Airstrikes target Daesh positions
Airstrikes target Daesh positions on the edge of the Old City a day after Iraq’s prime minister declared “total victory” in Mosul, Iraq. Image Credit: AP

Beirut: US-backed fighters say they have captured Daesh’s last shred of ground in eastern Syria — but while its era of territorial rule may be over for now, there is near universal agreement that Daesh remains a threat.

What has its territorial defeat accomplished?

Daesh’s possession of land in Iraq and Syria set it apart from other like-minded groups such as Al Qaida and became central to its mission when it declared a caliphate in 2014, claiming sovereignty over all Muslim lands and peoples.

The destruction of the quasi-state it built there has denied the group its most potent propaganda and recruiting tool as well as a logistical base from which it could train fighters and plan coordinated attacks overseas.

It also freed its former subjects from summary executions and draconian punishment for breaking its strict laws or, for some minorities, sexual slavery and slaughter.

Warfare wiped out thousands of its fighters. And, financially, its defeat deprives it of greater resources than any modern extremist movement has enjoyed, including taxes on its inhabitants and the proceeds of oil sales.

What threat does Daesh still pose in Iraq and Syria?

In its previous guise as an Al Qaida offshoot in Iraq a decade ago, Daesh navigated adversity by going underground, biding its time to rise suddenly again.

Since suffering devastating territorial losses in 2017, Daesh has steadily turned again to such tactics. Sleeper cells in Iraq have staged a scatter-gun campaign of kidnappings and killings to undermine the Baghdad government.

The group has also carried out many bombings in northeast Syria, which is controlled by US-backed Kurdish forces, including one that killed four Americans in January. Kurdish and US officials say it remains a menace there.

In Syria, Daesh fighters still have a presence in sparsely populated territory west of the Euphrates River in an area otherwise held by the Syrian government.

The US Pentagon’s internal watchdog released a report last month saying Daesh was regenerating functions and capabilities more quickly in Iraq than Syria.

“Absent sustained (counterterrorism) pressure, [Daesh] could likely resurge in Syria within six to 12 months and regain limited territory,” the report said.

What has happened to its leaders, fighters and followers?

The fate of Daesh leader, Abu Bakr Al Baghdadi, remains a mystery. The US government’s top experts strongly believe he is alive and possibly hiding in Iraq, US sources recently said. Other top-echelon leaders have been killed in air strikes.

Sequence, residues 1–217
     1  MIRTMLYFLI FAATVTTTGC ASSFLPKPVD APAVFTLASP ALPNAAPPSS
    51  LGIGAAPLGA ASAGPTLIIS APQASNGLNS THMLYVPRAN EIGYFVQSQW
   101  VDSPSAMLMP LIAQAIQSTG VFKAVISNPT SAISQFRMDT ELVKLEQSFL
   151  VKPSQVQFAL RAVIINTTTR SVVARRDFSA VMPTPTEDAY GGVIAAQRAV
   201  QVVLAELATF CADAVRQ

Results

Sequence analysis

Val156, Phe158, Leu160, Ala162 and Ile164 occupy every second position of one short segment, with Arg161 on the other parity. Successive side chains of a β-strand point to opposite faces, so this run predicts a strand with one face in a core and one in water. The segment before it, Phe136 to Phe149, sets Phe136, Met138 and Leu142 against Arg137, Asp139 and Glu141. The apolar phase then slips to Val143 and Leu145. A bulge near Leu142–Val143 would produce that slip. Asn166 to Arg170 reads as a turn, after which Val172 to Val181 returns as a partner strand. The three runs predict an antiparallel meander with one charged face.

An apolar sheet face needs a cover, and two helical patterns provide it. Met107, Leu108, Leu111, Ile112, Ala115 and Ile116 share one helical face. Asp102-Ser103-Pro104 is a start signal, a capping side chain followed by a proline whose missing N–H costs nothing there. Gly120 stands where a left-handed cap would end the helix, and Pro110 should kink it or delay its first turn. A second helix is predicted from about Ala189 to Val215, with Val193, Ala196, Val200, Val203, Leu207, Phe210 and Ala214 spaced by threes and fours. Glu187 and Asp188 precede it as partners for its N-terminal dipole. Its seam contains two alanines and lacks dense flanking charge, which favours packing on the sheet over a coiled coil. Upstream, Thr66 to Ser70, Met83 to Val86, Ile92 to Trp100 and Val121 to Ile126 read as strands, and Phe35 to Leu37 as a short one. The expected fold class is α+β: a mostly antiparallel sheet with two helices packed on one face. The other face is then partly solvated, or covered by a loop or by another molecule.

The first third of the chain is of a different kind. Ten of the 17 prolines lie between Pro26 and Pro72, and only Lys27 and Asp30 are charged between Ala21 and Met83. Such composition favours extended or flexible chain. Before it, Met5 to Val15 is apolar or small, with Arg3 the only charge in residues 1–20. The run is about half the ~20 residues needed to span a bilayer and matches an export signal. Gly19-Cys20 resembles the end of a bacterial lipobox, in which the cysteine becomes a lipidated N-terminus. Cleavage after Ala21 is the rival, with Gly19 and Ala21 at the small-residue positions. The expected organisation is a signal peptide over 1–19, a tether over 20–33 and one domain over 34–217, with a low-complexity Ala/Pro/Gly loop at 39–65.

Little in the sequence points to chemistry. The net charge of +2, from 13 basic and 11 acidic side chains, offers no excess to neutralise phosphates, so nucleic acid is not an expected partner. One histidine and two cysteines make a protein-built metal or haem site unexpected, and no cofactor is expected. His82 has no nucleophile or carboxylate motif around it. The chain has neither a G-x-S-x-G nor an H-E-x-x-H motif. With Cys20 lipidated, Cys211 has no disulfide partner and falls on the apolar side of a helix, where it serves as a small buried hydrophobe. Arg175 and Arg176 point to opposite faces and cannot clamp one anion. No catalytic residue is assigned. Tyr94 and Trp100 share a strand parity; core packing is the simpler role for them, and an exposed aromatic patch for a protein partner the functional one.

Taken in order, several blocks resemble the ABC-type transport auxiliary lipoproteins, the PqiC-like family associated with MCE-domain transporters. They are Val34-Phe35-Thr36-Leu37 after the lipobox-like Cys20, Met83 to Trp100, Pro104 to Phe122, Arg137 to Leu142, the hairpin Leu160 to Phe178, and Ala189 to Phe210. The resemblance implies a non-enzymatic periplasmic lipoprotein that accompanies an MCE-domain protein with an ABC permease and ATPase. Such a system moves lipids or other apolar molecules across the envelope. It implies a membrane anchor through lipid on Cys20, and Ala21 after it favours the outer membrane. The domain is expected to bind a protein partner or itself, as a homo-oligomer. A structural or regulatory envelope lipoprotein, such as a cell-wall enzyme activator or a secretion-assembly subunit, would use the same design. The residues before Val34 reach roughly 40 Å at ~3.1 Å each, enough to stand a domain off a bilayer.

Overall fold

Thousands of Daesh insurgents and civilian followers have also been killed and thousands more captured. An unknown number remain at large in both Syria and Iraq.

Iraq is putting on trial, imprisoning and often executing Daesh detainees. The US-backed Syrian Democratic Forces (SDF) holds many hundreds of Daesh fighters and followers, but the numbers have ballooned as the SDF advanced into the area near Baghouz.

The SDF said over the past two months, more than 60,000 people had left the Baghouz enclave, including 29,000 surrendering Daesh supporters, 5,000 of whom were fighters.

Many low-level local operatives have been released in Syria.

The SDF complains that Western states are reluctant to take back the foreign fighters, who are widely seen as a security threat at home but who might be hard to legally prosecute.

Can it still organise or inspire attacks overseas?

As Daesh clung to its last scrap of land, the head of Britain’s spy agency MI6 warned that the group would return to “asymmetric” attacks.

Even after it began losing ground militarily, Daesh still claimed responsibility for attacks made in different countries, though often these have been blamed on “lone wolves” without its direction.

It started years ago to call on followers abroad to plan their own attacks, rather than focusing purely on ones staged by trained operatives supported by the group’s hierarchy.

In early 2018 the head of US military central command said Daesh was resilient and remained capable of “inspiring attacks throughout the region and outside of the Middle East”.

What does its fall mean for the future of global extremists?

Although Daesh’s core territory was in Iraq and Syria, extremists fighting in other countries, notably Nigeria, Yemen and Afghanistan, pledged their allegiance to it.

Whether those groups will still wear its mantle, especially if Baghdadi is captured or killed, is an open question, but there seems little chance they will soon end their campaigns.

Al Qaida also retains numerous franchises around the world, and other militant Islamist groups operate in countries where normal governance has broken down.

Extremist ideology has long proven itself able to mutate as circumstances change, and there is no shortage of warfare, injustice, oppression, poverty, sectarianism and naked religious hatred for Islamist militants to exploit.